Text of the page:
A mentor of mine often asks his coaching clients if they have, “turned the coal of the past into the diamonds of present?” I love this saying because it provides such a hopeful and resilient perspective on life.

Everyone goes through difficult times and has baggage to deal with. Though it’s what we do and how we respond during these crucial moments that matter.

Are you able to experience hope and optimism when going through adversity?

Here are a few ideas about how to manage adversity with hope and resilience.

Know you will become stronger because of it. Focus on the value and character strength you will develop from overcoming your obstacles. Think of all the difficult spots you have found yourself in before and how you were able to work through them. How much stronger and wiser are you because of these moments?

If you made it through those times, you can probably make it though almost anything. Adversity develops character and the capacity for compassion, empathy, and courage.

Find something to be grateful for and appreciate what you have. Focusing on what’s good in life through difficult times can be another source of resilience. Pulling positivity from gratitude and appreciation for what we still have offers a perspective shift that makes even the most depressing times more manageable.

You may have experienced a loss, but what can you find to be thankful for despite the pain? Maybe you have a supportive family, a decent job, or at least your health. Sometimes we must find something to be thankful for.

Have meaning and purpose in your life. Having faith and knowing there is a plan for the future is what hope is all about. Having a sense of meaning and purpose helps us to look forward to the future with anticipation. When going through a rough spot, not losing sight of your passion, vision, and purpose will give you much needed strength to persevere and maintain hope.

Are you living with purpose and intention?

When loss, anguish, and distress become overwhelming, all we have is our faith, hope, and resilience to move forward from. Whatever you are going through, staying hopeful that the future will get better and knowing you have the strength to persevere is what will help you make progress and not give up.

Small farmers in Québec

July 13, 2017

9847128

 Photo : Marie-France Coallier, The Gazette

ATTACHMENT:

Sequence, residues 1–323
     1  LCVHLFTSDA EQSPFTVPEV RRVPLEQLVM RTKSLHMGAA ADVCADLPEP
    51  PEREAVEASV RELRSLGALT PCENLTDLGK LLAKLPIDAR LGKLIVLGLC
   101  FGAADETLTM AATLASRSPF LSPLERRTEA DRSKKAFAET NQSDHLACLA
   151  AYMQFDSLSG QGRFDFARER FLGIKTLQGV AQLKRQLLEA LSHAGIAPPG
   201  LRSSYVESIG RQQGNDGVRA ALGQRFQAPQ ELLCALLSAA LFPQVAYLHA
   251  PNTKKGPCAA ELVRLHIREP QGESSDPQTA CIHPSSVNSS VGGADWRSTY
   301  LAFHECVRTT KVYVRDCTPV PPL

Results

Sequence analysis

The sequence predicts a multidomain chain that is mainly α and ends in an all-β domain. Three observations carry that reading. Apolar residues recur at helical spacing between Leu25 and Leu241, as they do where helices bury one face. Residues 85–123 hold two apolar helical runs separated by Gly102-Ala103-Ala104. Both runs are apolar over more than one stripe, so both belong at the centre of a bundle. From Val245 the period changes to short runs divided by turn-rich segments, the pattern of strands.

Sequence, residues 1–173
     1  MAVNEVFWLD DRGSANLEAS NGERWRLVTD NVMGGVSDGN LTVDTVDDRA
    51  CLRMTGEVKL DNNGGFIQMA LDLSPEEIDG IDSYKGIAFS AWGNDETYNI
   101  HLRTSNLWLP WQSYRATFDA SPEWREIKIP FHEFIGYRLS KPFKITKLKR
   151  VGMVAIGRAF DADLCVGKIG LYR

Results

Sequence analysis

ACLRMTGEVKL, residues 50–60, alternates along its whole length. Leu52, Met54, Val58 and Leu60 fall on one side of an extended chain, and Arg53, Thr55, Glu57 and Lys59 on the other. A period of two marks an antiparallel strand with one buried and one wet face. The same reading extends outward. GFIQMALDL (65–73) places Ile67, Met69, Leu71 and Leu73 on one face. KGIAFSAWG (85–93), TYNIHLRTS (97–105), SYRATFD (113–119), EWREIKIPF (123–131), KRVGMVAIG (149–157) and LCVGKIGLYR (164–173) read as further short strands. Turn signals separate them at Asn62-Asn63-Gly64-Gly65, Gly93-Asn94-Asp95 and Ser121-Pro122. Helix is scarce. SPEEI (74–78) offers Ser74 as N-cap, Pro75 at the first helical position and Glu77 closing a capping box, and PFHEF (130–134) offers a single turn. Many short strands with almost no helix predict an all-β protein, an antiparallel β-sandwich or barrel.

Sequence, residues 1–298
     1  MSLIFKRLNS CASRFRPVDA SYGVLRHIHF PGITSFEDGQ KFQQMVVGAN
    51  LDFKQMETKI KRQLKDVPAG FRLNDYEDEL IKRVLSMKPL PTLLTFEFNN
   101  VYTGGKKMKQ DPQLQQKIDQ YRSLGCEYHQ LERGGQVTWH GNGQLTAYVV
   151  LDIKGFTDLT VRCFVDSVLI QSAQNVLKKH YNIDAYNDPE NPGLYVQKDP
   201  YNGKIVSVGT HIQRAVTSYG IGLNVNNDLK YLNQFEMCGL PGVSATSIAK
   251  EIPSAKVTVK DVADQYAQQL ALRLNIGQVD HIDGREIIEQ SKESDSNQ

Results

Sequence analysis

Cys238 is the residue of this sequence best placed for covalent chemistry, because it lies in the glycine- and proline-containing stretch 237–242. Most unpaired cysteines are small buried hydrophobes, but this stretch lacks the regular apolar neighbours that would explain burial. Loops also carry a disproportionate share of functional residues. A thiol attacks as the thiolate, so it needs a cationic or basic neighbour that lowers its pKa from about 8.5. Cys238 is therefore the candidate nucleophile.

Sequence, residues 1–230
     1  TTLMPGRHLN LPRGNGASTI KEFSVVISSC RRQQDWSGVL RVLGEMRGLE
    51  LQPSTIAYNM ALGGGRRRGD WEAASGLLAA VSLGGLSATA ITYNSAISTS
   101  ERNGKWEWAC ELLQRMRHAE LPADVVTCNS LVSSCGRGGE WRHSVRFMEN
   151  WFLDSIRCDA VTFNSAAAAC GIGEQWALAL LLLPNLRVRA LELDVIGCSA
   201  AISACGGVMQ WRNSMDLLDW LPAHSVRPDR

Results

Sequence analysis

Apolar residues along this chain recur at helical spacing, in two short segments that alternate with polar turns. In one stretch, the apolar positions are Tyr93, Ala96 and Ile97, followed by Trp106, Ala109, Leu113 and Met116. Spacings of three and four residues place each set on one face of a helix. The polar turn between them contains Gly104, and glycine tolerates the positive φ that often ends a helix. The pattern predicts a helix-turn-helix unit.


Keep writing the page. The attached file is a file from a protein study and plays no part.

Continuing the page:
I was lucky enough to have always lived in a first floor apartment in the city of Montreal. So I’ve always have a small garden to grow some lettuce, green onions, basil, tomatoes, pepper and little more. So when someone talked to me about this article, I thought I should share and maybe it could inspire some.

This article was published in the Gazette about small Farmers in Québec, on the May 16, 2014. Today, even big stores like Loblaws and Metro are now carrying free range meat they say is raised with no antibiotics, as well as organic fruit and vegetables, albeit from beyond our borders. But the big story, in lockstep with the farm-to-table movement, is the new life on Quebec’s small farms.

In the article we are introduce to the Ferme Tourne-sol, who started with 5 students who met at McGill University and decided to farm together. They found a piece of land to rent and started their work in Les Cèdres. They started in 2005; they wanted to offer fresh and organic vegetable and fruit for the community. As Pascal Thériault , an agricultural economics expert who teaches at McGill’s MacDonald Campus in Ste-Anne de Bellevue said, “Historically, our particular program has been in place to train farmers, and we usually get sons and daughters of farmers who will themselves take over the farm. This coming year, 23 of the 48 completed applicants did not come from farms or have only a limited knowledge of agriculture.”

We are also meeting Jean-Marie Fortier (in the picture above), from Les Jardins de la Grelinette in St-Armand, who only uses hand held tools to work his field, “People are super stoked hearing that young people make a living on an acre and a half without a tractor,” he says.

The movement toward small, organic farming is so strong, Thériault says, that many farmers can’t accept more customers for their CSAs. But that doesn’t mean all new farmers will be successful.

“Jean-Martin is a great example of being able to make a lot of money,” he said. “Having a sustainable farm is cool but it has to be financially sustainable. Direct sell to consumer is more work and more trouble, and distributors won’t do business with them, since they can’t guarantee the volumes.”

I recommend you to go and check this article :

http://www.montrealgazette.com/life/Appetite+organic+Quebec+small+farmers+thriving/9847124/story.html

Would you decide to make a change and become a farmer ?

When buying your vegetable, do you know where they came from ?

Are you trying to eat fresh and organic food ?

What do you think of GMO ?

 

Stephanie P.